As the self driving car evolution continues we see that more and more that they are more than just a convenient tool, but rather are both helpful to the environment, and as it turns out, possibly cities structures.
How you might ask?
Getting rid of parking.
If we have a AI self-driving car taking us from point A to point B, we won’t need to park it idly till we come back.
"The biggest impact is going to be on parking. We aren’t going to need it, definitely not in the places we have it now," Alain L. Kornhauser, a researcher in autonomous vehicles at Princeton University, told Patrick Sisson at Curbed.
"Having parking wedded or close to where people spend time, that’s going to be a thing of the past. If I go to a football game, my car doesn’t need to stay with me. If I’m at the office, it doesn’t need to be there. The current shopping centre with the sea of parking around it, that’s dead."
Although it is highly unlikely that car parks and city streets will be completely deserted after these cars become more and more accessible and mainstream, even a moderate intake of these self-driving cars will lower congestion in clogged up suburban areas.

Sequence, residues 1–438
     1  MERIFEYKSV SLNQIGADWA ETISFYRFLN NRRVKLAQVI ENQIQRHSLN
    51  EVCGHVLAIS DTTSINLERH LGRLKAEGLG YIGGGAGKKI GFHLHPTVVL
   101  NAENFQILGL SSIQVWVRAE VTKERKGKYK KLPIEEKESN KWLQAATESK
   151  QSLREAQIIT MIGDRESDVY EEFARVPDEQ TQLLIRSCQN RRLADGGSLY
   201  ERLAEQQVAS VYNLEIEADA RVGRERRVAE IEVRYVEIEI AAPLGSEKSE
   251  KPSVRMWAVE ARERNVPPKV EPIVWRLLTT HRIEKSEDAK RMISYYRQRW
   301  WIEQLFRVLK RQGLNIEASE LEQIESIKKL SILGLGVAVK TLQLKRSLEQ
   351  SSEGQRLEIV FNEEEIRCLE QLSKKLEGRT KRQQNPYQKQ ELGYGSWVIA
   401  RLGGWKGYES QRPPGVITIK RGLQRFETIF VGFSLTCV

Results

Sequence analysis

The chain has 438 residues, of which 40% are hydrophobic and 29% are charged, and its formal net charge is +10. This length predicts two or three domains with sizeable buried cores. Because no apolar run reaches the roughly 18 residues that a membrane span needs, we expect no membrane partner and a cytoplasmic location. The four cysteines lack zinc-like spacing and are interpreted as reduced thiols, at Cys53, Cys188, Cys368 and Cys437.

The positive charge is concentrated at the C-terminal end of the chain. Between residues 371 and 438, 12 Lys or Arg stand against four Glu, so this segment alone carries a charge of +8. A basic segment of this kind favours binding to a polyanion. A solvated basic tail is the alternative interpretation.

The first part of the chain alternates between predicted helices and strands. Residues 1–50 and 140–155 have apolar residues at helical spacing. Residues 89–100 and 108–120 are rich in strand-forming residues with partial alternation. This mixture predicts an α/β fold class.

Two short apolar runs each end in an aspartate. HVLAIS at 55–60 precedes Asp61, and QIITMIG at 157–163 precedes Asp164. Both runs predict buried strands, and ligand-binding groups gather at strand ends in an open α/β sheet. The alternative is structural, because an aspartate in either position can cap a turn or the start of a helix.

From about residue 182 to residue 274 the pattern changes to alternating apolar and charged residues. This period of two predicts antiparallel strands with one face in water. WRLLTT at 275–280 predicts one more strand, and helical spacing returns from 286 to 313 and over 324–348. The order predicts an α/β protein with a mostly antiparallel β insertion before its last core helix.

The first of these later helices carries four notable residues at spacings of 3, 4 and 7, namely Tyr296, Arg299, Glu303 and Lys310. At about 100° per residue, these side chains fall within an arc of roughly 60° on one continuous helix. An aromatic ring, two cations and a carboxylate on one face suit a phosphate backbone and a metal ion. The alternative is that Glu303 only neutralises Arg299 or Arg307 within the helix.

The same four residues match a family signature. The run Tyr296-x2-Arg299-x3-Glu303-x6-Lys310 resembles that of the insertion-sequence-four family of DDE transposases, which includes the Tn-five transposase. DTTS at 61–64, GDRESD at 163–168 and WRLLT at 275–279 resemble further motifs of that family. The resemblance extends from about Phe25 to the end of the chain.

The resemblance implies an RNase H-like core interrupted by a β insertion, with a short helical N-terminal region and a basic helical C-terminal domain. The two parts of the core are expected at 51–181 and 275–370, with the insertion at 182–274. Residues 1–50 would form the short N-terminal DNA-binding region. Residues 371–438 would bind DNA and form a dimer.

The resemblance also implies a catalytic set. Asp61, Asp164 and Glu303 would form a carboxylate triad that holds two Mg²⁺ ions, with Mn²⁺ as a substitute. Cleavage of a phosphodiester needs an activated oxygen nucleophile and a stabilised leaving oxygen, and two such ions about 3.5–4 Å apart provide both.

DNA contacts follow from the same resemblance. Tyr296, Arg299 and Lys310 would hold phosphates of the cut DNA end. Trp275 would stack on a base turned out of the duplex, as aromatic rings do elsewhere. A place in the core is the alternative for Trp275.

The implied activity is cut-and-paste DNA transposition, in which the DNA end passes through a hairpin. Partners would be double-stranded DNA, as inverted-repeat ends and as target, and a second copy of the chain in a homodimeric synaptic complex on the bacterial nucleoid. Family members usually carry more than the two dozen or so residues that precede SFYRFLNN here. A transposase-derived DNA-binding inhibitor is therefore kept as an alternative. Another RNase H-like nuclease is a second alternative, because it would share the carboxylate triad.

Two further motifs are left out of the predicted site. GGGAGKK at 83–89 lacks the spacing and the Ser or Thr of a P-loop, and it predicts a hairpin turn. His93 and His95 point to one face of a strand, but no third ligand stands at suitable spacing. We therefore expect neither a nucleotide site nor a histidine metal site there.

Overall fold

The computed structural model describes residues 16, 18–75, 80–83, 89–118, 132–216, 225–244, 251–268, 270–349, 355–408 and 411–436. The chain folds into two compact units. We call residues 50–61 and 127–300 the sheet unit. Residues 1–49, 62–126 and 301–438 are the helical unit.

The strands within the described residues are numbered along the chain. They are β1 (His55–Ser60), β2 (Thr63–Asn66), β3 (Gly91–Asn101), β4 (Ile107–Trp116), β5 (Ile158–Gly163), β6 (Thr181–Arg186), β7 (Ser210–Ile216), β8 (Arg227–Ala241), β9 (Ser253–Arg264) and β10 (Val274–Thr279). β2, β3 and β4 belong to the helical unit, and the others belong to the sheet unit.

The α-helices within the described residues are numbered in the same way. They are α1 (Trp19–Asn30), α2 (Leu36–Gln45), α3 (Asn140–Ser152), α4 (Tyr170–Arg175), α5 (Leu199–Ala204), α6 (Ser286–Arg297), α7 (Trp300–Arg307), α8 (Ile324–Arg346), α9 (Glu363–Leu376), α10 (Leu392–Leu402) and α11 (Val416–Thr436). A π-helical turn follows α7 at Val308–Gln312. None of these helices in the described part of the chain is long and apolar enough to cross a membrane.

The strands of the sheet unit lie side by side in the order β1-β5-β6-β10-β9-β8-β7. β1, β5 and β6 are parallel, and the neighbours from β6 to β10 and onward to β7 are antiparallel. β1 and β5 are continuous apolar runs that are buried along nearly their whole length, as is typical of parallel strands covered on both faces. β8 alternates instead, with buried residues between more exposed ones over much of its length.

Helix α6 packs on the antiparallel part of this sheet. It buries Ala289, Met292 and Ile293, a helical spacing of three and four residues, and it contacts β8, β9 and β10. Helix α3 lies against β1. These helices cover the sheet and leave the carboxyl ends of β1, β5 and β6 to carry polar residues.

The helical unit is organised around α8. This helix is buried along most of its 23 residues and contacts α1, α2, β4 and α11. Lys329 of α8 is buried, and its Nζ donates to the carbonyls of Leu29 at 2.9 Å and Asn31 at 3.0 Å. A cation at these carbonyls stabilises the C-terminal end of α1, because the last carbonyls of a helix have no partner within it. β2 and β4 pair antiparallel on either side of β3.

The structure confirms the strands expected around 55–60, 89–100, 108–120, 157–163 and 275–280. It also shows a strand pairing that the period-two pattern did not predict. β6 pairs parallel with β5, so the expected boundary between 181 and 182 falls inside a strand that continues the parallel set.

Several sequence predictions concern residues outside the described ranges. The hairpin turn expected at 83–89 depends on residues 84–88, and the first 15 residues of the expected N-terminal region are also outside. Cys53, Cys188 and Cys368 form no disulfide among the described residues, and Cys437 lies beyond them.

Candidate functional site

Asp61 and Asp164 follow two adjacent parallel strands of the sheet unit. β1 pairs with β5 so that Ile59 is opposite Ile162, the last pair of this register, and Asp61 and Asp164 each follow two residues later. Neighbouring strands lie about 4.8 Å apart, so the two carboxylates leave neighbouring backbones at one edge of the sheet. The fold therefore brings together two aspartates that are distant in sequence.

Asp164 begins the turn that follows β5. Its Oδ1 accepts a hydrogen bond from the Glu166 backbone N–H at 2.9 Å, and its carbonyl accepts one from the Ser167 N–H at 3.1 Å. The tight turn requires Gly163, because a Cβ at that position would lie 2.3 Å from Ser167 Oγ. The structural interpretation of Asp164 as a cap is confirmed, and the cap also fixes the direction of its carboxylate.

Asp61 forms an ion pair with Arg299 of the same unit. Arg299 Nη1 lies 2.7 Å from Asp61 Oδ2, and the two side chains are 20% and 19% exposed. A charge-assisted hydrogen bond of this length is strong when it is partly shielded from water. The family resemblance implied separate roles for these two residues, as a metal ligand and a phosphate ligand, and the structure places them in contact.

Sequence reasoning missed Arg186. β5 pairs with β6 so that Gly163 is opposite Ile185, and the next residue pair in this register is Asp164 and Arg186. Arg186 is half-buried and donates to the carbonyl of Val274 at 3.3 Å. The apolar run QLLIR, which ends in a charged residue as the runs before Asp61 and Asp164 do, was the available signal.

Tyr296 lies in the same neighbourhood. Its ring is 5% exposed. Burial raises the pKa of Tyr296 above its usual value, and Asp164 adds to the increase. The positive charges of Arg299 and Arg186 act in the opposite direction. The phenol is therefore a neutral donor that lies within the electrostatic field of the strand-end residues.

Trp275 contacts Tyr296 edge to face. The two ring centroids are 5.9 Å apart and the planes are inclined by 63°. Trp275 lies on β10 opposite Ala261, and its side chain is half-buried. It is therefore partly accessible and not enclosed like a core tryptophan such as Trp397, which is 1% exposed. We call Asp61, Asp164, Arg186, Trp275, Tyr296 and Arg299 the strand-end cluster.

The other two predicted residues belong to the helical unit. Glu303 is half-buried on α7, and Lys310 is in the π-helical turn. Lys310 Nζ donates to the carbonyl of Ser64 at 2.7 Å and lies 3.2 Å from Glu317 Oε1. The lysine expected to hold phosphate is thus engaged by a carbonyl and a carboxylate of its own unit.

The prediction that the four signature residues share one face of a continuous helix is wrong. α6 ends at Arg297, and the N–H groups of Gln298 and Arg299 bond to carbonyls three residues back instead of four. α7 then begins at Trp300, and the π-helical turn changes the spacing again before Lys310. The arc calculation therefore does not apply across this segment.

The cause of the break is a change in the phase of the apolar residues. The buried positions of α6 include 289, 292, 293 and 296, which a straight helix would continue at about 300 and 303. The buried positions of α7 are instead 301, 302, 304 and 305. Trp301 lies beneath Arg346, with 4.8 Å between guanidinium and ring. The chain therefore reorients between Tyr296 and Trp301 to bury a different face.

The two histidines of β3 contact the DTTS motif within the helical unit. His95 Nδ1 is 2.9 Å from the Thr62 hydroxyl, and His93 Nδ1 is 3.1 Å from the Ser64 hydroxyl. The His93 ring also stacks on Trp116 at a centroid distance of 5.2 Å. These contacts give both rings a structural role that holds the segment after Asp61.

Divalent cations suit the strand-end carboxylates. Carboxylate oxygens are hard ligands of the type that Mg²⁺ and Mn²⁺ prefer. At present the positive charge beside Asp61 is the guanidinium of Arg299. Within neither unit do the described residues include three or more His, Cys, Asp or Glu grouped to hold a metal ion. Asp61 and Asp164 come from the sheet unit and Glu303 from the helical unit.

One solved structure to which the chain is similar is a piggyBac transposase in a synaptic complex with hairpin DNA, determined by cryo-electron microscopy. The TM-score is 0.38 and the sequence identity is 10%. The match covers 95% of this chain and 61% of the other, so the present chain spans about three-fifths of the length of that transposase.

"An average vehicle in the US is parked for a staggering 95 percent of the time," Carlo Ratti, director of the Senseable City laboratory at the Massachusetts Institute of Technology (MIT), told Curbed.
"Car sharing is already reducing the need for parking spaces: it has been estimated that every shared car removes between 10 and 30 privately owned cars from the street."
"Self-driving vehicles will reinforce this trend and promise to have a dramatic impact on urban life, because they will blur the distinction between private and public modes of transportation," he added.
"‘Your’ car could give you a lift to work in the morning and then, rather than sitting idle in a parking lot, give a lift to someone else in your family – or, for that matter, to anyone else in your neighbourhood, social-media community, or city."
If these predications do turn out to be a reality then all the areas previously used for parking could be used for possibly more environmentally friendly options.
"In this environment, you don’t need to park your car, it’ll park by itself, so you can think about recapturing the space from the front of one building to the front of another building," said Gerard Tierney of US-based architecture and design firm, Perkins+Will.
"It does become a pedestrian-dominated environment, where these vehicles would need to take a more subsidiary role. We would see a huge increase in the amount of space given up to the public realm and a huge increase in the width of sidewalks, bike lanes, and space for any other kind of alternate transportation."
Although this isn’t going to be an overnight thing, the possibilities to come are still exciting.